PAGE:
Friends, neighbors remember people who were shot near Anniston, as 'kind hearted'

Friends, neighbors remember people who were shot near Anniston, as 'kind hearted'

ANNISTON, AL (WBRC) - Friends and neighbors say two people who died outside Anniston Wednesday--one a murder victim, one at the hands of police--were kind-hearted people who would talk to and help anyone in need.

They also say the two were cousins.

Police Chief Shane Denham says officers shot and killed 27-year-old Jamee Almarez, moments after he shot an investigator working a crime scene.

That crime scene was the death of Almarez' cousin, 36-year-old Candice Weeks. At least one friend says Weeks also went by the name Candy Roper, and on Facebook, her profile is listed as Candice Roper.

Jennifer Hunter says Candice Roper was the mother of two daughters, and that one of those daughters found her mother dead in front of her home on High Street, located in the Blue Mountain community. It is outside the Anniston city limits but inside the Anniston police jurisdiction, which is why their officers responded to the scene.

Police say Roper died from a gunshot wound. Hunter says she was shot in the back of the head.

"I wish her daughters weren't feeling what they're feeling, and that I could take their pain away and stuff, but I can't," Hunter told reporters outside Roper's residence.

A statement from police say around 4:15, Almarez breached the crime scene tape as they were investigating Roper's death on High Street. The statement says Almarez pulled out a gun and shot a still-unnamed investigator in the abdomen.

"He had a grazing wound. He was very fortunate, the good Lord was looking out for him," Denham told reporters Wednesday night. Since then, police have said the investigator was treated and released from a nearby hospital.

Denham said five officers then opened fire, killing Almarez on the scene.

Thursday, neighbors were trying to make sense of it, saying both Roper and Almarez were kind-hearted. In fact, Almarez stayed with Roper at the time of their deaths, according to Jennifer Hunter.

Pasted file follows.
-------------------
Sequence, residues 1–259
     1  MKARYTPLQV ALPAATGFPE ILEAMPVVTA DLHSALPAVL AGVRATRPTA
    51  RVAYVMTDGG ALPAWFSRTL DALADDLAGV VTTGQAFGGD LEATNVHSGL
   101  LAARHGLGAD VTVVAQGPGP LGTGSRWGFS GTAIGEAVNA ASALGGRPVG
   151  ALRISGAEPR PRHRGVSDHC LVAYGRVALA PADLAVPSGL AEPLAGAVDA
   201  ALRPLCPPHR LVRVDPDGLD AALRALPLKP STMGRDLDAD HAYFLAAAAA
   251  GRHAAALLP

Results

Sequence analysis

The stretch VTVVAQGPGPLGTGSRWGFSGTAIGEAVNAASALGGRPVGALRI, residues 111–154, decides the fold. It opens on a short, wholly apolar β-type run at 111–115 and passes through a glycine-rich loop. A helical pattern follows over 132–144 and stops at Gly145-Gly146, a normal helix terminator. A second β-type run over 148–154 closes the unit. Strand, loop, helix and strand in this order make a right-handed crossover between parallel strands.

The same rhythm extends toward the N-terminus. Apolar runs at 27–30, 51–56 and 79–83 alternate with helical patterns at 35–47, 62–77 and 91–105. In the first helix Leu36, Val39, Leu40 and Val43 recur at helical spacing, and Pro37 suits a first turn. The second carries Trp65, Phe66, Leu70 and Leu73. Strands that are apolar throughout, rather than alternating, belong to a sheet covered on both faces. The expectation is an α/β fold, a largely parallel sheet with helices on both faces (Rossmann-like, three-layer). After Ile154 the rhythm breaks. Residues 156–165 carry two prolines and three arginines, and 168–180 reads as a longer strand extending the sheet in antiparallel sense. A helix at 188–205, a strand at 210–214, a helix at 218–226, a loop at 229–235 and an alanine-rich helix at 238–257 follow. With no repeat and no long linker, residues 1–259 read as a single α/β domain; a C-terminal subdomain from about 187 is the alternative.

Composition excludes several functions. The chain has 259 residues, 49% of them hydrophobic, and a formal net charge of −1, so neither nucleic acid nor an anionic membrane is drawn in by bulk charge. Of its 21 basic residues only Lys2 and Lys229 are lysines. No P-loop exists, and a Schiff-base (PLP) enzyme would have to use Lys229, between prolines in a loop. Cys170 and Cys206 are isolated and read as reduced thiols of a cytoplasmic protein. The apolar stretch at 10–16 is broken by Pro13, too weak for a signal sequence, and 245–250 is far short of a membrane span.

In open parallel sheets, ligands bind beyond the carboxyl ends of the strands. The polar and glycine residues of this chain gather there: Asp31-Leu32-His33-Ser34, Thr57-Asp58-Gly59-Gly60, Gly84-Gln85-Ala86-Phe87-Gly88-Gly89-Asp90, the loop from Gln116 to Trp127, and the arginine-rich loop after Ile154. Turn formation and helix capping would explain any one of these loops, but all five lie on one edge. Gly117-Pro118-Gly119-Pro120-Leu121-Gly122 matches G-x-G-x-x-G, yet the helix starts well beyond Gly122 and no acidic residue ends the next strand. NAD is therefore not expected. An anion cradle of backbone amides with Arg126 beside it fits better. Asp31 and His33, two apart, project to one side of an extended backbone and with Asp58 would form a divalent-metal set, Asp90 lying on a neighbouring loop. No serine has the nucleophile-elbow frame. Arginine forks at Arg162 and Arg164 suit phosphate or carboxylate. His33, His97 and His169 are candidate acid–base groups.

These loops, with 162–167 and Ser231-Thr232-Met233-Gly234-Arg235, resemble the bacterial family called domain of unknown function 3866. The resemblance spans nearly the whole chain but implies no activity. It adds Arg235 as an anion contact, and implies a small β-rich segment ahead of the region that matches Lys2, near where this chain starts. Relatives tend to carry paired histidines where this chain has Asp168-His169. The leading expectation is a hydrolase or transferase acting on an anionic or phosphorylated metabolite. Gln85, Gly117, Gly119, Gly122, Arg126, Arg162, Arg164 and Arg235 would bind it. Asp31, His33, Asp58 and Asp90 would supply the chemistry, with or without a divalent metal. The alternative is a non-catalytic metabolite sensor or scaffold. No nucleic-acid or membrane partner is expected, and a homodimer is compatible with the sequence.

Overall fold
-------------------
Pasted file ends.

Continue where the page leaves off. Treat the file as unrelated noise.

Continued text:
"She did what she had to do to help anybody. That's the reason Jamee was here, to help him," Hunter recalled. "She had a kind heart just like he had a kind heart."

A neighbor on the next street, Chandol Worley, says Almarez walked his bulldogs frequently throughout the neighborhood, occasionally sitting on porches and chatting with them.

"when he would get tired, he would come to sit down and say, 'Well, how are you doing today?'" recalled Worley. "We would sit and we would talk, and I would give him something to drink and give his dogs some water. And he would talk awhile and he would get up and go on about his business."

Worley said Almarez didn't own a car and would occasionally ask people to give him rides. She says one neighbor took him one day to give food to someone who didn't have food.

"He just seemed to be that kind of person. He was mild-mannered, he never seemed to harm anybody, just a real sweet boy," Worley said. She added it seemed out of character to her for him to even own or carry a gun, let alone use it against a police officer.

A statement from police says the injured officer is at home Thursday, and that all of the officers involved are getting counseling and anything else they need.

ALEA and the JSU Center for Applied Forensics are investigating the officer-involved shooting, and Anniston Police are still investigating the murder of Candice Roper.

Police say they will release no further information and will not answer any more questions because "the case is under investigation," so it is not known if they have any leads or suspects in the murder. One neighbor even noted the police have not asked residents to call with information that can help in the case, as law enforcement agencies often do when a suspect has not been arrested.

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